It comes as no surprise that civil servants top the list of people detained and charged for “corrupt practices”! According to the figures released by the MACC the highest incidence of corruption occurred among government servants especially those in the support group.

Vested with  the authority to approve applications from the public for government licences, schemes and  projects; grants, scholarships, subsidies and other handouts, civil servants often assume a superior position in performing their duties. Given access to huge public funds and the discretion in allocating  them, some officials are imbued with a sense of power over those seeking government-controlled opportunities. Wielding the arm of enforcement they are open to persuasion from those eager to cut corners and escape the tedium of  bureaucracy, procedures and regulations and the full brunt of the law. It is an irony in the vicious circle of corruption that government red tape provides a fertile breeding ground for corruption, and corrupt bureaucrats increase the extent of red tape to extract additional bribes.

In a country poised for development, the opportunities to make money are everywhere and open to everyone except the public servants who earn a modest salary compared to their peers in the private sector.  It is no wonder then that to improve their living standards, the more gullible among them fall prey to the monetary temptations and bribes offered by the entrepreneurs participating in government-controlled businesses. And it would be logical to deduce that the officials handling ventures yielding abnormal profit are likely to be offered greater inducements.

While we are quick to denounce the uncivil servant charged with bribery and corruption, we forget that at the other end of the continuum is the equally greedy and corrupt member of the public, business house and even multinational corporation dangling the carrots filled with money, luxury goods, condominiums and family holidays. We condemn the takers while ignoring the givers whose excuse is that they are expected to grease the palms of the officials waiting in line to serve the public. Ironically, we sympathise with a  business community driven to work  the country’s resources forgetting that they too are exploitative and corruptible.

In a country where the culture of materialism has taken root, it is not surprising that the citizens from both sides of the public and private divide  are in a desperate rush to get rich.  In the  mad frenzy to answer the government’s clarion call for development and more development, people are prepared to literally cut corners in driving to reach their destination and achieve their goals. In a society where the measurement of success is quantity rather than quality, speed is of the utmost importance in getting to that magical level of affluence and material advancement.

Sadly with speed accidents happen – many of them fatal!


4 Responses to “”

  1. 1 Tokman
    March 19, 2010 at 6:27 pm

    Its really an uphill battle in our fight against corruption. Corruption is happening everywhere, everyday and at all levels of hierachy in any society. Even the office boy and file searcher demand money today to get things done though the jobs are already paid by their employers. If I were allowed to relate my personal experiences on this matter in this blog I am sure I will be sued or charged for libel or slander. Corruption is an old profession, as old as prostitution….and the irony of it is that it is just ‘love’ by almost everybody at all levels of any society. I may sound very crude here but thats the fact! We hear everyday about the rakyat complaining about corruption among the government servants, politicians and the corporate leaders. Many point their fingers on the government servants and politicians while others blame the private sector. Who really is at fault? Who really holds the power? Why do they need to indulge in such corrupt practices? Some writers prefer to use the term ‘immoral acts’ but to some society such acts are not ‘immoral’ just ‘unfair practices’. How do we attempt to eradicate corruption in our society…our multicultural society? Its really a tough battle and even if we win we are not sure we have won the war! Down deep in my heart the only way that we can attempt to eradicate corruption is for those ‘in power’ to show openly and practise integrity by rejecting any ‘offer’ made to them. Any gesture or attempt to bribe by the ‘interested’ party will automatically result in disqualifications and blacklisted from the registered lists.The sad thing in this issue is that in most corruption cases it is those in power that ‘requested’ for their ‘commissions’! The ‘applicants’ normally dare not make the ‘offer’ unless they get a clear ‘signal’ to do so. As rightly said by you the genuine contractors are left high and dry and the projects given to the incompetent ones rsulting in many projects abandoned or collapsed. What we do need are incorruptible politicians and government servants as the corporate boys play to the ‘tune’ played by those in power. Personally I would not want to blame the private sector for practising corruption as without that ‘offer’ you get nowhere in the business world, but if as suggested earlier the politicians and government servants are straight and honest in their dealings then the way to stop corrupt practices may get very positive results.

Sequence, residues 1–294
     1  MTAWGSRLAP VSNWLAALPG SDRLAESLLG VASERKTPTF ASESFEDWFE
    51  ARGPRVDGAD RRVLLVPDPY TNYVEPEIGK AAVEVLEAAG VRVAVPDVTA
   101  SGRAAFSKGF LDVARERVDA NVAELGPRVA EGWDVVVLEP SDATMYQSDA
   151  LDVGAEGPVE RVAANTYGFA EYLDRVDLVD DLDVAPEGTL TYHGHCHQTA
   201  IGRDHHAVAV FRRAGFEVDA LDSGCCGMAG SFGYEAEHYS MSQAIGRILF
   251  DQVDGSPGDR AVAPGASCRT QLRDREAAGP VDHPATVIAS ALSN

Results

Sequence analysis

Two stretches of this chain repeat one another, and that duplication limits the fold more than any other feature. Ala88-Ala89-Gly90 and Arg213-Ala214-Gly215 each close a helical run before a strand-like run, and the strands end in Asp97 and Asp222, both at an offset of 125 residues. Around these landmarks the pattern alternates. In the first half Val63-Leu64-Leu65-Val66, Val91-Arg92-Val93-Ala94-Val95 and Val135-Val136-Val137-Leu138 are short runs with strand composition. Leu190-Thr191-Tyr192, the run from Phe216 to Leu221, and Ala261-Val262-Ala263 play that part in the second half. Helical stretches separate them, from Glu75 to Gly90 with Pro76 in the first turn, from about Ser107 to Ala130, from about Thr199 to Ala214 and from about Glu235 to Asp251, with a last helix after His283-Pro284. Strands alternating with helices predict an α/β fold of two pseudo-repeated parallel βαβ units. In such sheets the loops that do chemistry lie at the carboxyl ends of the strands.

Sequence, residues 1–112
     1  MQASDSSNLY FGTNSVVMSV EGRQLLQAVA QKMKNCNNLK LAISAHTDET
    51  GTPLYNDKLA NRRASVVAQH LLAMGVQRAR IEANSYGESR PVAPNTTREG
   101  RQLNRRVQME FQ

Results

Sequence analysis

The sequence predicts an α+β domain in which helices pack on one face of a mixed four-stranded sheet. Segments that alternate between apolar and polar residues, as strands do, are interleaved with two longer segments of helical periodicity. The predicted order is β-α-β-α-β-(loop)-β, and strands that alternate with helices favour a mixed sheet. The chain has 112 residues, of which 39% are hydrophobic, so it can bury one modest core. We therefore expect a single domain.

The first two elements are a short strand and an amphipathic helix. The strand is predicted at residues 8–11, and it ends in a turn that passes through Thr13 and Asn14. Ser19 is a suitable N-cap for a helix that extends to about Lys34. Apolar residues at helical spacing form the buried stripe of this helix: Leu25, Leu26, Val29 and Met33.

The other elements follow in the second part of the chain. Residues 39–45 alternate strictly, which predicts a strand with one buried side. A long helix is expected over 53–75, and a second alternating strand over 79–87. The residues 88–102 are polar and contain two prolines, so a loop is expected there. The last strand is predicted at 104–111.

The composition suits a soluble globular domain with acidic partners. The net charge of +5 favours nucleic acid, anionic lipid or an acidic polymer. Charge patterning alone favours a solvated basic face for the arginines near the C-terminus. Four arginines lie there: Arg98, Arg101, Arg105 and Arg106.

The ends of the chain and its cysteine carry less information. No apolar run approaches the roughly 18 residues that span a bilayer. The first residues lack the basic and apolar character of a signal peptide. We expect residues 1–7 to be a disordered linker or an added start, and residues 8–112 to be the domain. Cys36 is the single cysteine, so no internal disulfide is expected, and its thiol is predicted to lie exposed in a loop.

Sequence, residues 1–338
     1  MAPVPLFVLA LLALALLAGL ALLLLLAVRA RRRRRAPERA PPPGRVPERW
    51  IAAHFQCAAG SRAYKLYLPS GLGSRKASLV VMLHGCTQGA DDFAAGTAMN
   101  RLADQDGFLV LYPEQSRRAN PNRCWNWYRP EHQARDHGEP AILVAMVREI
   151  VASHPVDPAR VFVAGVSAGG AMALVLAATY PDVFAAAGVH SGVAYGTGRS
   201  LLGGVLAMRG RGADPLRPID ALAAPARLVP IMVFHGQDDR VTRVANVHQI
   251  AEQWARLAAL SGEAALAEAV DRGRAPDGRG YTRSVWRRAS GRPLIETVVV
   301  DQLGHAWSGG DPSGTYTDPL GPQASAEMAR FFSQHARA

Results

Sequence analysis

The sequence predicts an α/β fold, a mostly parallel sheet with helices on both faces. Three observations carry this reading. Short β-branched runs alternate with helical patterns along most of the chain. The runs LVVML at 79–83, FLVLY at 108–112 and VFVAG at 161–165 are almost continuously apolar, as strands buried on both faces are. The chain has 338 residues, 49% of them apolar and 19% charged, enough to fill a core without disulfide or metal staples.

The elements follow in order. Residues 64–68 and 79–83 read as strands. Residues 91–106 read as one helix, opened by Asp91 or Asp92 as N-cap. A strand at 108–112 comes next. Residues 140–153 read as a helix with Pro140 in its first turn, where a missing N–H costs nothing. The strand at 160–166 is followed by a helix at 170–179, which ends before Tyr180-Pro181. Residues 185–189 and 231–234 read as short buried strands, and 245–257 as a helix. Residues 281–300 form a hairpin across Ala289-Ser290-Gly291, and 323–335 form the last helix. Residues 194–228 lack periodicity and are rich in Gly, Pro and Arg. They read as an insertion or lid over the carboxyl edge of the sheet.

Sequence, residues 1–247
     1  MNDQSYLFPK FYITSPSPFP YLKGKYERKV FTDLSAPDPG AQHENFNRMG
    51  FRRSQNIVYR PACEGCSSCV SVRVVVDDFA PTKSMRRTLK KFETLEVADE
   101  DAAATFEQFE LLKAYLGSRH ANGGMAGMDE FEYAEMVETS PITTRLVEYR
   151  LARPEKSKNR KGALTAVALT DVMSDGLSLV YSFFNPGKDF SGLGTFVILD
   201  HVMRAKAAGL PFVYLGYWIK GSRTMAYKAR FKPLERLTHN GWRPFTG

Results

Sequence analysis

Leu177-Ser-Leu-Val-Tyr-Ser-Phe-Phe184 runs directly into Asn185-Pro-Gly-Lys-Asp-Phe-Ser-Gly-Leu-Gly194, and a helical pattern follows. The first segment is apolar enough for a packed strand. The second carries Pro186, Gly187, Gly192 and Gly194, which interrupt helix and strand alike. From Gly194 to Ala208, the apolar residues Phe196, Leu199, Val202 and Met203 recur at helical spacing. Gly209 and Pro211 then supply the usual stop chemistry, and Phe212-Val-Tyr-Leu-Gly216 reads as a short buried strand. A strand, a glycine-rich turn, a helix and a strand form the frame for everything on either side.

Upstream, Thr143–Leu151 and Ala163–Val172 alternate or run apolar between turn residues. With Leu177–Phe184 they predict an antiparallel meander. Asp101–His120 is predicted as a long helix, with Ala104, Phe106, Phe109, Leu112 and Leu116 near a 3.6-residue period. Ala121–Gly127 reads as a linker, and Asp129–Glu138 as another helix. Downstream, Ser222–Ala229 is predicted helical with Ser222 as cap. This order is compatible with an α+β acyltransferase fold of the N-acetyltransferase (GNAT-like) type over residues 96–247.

2. 2 ninitalk
    March 20, 2010 at 6:55 am

    How right you are Tokman that like prostitution, corruption stems from a basic human weakness -the inability to refuse a good offer be it sex or money! Some call it lust or greed which are considered as personal failings!